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Facebook Made Accessible via Tor Anonymity Network

Facebook has created a special .onion address that enables users of the Tor anonymity network to access the social media website.

Facebook has created a special .onion address that enables users of the Tor anonymity network to access the social media website.

Facebook’s integrity systems and the way the anonymity network works have prevented users from easily accessing the website. In order to address these issues, Facebook has created a hidden service, which is accessible at the address https://facebookcorewwwi.onion/.

“Facebook’s onion address provides a way to access Facebook through Tor without losing the cryptographic protections provided by the Tor cloud,” Alec Muffett, a software engineer for Security Infrastructure at Facebook London, said in a blog post on Friday.

Muffett has noted that facebookcorewwi.onion connects users directly to one of the company’s datacenters, or the “Core WWW Infrastructure.”

“I am excited that this move by Facebook will help to continue opening people’s minds about why they might want to offer a hidden service, and help other people think of further novel uses for hidden services,” Tor Project Leader Roger Dingledine wrote in a blog post.

“Another really nice implication here is that Facebook is committing to taking its Tor users seriously. Hundreds of thousands of people have been successfully using Facebook over Tor for years, but in today’s era of services like Wikipedia choosing not to accept contributions from users who care about privacy, it is refreshing and heartening to see a large website decide that it’s ok for their users to want more safety,” Dingledine added.

SSL certificate

 Facebook is using an SSL digital certificate to help users determine if they are on the legitimate website.

“We decided to use SSL atop this service due in part to architectural considerations – for example, we use the Tor daemon as a reverse proxy into a load balancer and Facebook traffic requires the protection of SSL over that link,” Muffett said. “As a result, we have provided an SSL certificate which cites our onion address; this mechanism removes the Tor Browser’s ‘SSL Certificate Warning’ for that onion address and increases confidence that this service really is run by Facebook.”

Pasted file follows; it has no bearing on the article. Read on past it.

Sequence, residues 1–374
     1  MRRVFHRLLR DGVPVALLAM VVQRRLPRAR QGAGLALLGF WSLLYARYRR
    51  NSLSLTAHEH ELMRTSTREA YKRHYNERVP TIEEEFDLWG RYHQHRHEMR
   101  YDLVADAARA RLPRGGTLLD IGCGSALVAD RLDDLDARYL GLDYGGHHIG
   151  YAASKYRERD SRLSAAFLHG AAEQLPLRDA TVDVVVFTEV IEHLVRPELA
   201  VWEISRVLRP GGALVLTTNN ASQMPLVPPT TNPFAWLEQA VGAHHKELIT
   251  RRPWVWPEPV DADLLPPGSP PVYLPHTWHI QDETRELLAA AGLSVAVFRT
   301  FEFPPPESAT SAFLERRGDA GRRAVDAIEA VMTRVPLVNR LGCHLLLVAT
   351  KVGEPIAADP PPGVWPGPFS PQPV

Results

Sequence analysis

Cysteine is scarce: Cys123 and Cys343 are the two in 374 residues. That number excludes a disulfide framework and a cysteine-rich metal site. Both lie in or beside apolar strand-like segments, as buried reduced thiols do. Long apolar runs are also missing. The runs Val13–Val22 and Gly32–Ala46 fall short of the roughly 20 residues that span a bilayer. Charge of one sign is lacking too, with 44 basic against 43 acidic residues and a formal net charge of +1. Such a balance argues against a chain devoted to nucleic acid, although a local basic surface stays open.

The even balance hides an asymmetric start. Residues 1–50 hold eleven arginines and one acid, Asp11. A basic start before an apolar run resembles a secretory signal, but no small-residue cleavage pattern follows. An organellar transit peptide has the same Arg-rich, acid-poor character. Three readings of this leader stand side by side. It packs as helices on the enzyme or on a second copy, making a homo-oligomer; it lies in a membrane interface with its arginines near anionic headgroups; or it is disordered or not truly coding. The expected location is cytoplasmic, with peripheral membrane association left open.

Runa Sandvik, a security and privacy researcher involved with the Tor Project and one of the individuals who assisted Facebook on this project, has pointed out that this is the first time a certificate authority, in this case Digicert, has issued a legitimate SSL certificate for a .onion address.

How did Facebook generate the name?

 While many have applauded Facebook’s initiative, there has been much debate over how Facebook managed to get the name of the hidden service considering that names are derived from a randomly generated RSA-1024 key. Many people have accused Facebook of somehow brute forcing the name.

“We did the math,” said Catalin Cosoi, chief security strategist at Bitdefender. “You would need around 1,000,000 servers up for 1 year to generate ‘facebookcorewww’ (without the trailing ‘i’, this being randomly there) on the fastest GPUs out there. But the real question is: if Facebook has the resources to brute force the correct full key in a fair amount of time, what could stop Google or the NSA from doing it?”

However, according to Facebook and the Tor Project, no brute force attacks were involved in the process. Instead, the company simply got lucky.

“The short answer is that for the first half of it (‘facebook’), which is only 40 bits, they generated keys over and over until they got some keys whose first 40 bits of the hash matched the string they wanted,” Dingledine explained.

“Then they had some keys whose name started with ‘facebook’, and they looked at the second half of each of them to pick out the ones with pronounceable and thus memorable syllables. The ‘corewwwi’ one looked best to them — meaning they could come up with a story about why that’s a reasonable name for Facebook to use — so they went with it,” Dingledine added. “So to be clear, they would not be able to produce exactly this name again if they wanted to. They could produce other hashes that start with ‘facebook’ and end with pronouncable syllables, but that’s not brute forcing all of the hidden service name (all 80 bits).”

Muffett said in a post on Reddit that they “created a bunch of addresses with a ‘facebook’ prefix and then went fishing around in the results for a good one.”


Written By

Eduard Kovacs (@EduardKovacs) is a contributing editor at SecurityWeek. He worked as a high school IT teacher for two years before starting a career in journalism as Softpedia’s security news reporter. Eduard holds a bachelor’s degree in industrial informatics and a master’s degree in computer techniques applied in electrical engineering.

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